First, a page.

Here is an excellent article by David Wood who is a leading apologist on Islam.
By David Wood
With a superb script, unparalleled directing, and flawless acting, Sergio Leone’s The Good, the Bad, and the Ugly is the greatest “spaghetti western” of all time. I have only one problem with the film. While I understand why the sociopathic mercenary Angel Eyes is called “the Bad,” and why the underhanded bandit Tuco is called “the Ugly,” I’ve never been able to figure out why the bounty hunter Blondie is called “the Good.” In the film, Blondie’s money-making scheme is to capture criminals, turn them in to collect the reward, free them before they are executed, and split the money with them. He then turns the criminals in at the next town, collects the reward, and so on. When a criminal’s bounty is no longer increasing, Blondie takes him deep into the desert to die of heat exhaustion. Why, then, is he good? The only answer I’ve ever been able to come up with is this: Blondie is played by Clint Eastwood, so he must be good—regardless of what he does.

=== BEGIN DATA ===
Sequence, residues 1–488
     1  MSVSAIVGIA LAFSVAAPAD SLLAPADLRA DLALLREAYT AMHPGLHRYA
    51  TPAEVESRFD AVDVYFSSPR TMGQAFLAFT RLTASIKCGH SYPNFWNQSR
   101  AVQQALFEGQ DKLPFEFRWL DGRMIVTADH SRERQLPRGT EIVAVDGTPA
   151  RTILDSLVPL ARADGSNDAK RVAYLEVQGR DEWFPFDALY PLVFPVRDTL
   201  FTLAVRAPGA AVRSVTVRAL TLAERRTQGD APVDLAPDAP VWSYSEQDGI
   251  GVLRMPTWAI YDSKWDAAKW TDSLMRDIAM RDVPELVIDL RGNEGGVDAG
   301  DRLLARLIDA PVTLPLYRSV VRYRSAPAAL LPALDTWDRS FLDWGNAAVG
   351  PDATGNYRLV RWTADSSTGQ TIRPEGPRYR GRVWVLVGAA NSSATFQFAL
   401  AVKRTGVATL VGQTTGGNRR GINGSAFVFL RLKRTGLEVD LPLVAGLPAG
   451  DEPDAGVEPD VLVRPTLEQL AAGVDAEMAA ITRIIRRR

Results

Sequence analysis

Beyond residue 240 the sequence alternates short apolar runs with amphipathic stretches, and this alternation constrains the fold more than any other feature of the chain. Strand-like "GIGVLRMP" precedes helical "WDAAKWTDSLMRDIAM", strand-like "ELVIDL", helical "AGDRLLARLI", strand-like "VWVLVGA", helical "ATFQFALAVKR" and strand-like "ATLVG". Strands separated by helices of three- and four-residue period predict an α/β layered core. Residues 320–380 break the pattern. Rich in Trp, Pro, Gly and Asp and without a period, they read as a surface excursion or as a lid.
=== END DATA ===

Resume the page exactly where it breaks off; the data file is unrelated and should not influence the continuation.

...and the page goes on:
We find a similarly puzzling bit of reasoning when we turn to Islam. Muslims confidently proclaim that Muhammad was history’s greatest moral example, a man whom all people would do well to emulate (see Qur’an 33:21). What happens, then, when we turn to history and meet a shockingly different figure? The unstated Muslim response seems to be: “Muhammad was God’s greatest prophet, so he must be good—regardless of what he did.”
In this article, we will examine the life of the Historical Muhammad, that is, the Muhammad we learn about through careful historical investigation, rather than the Muhammad of faith. As we shall see, there is a massive difference between the two.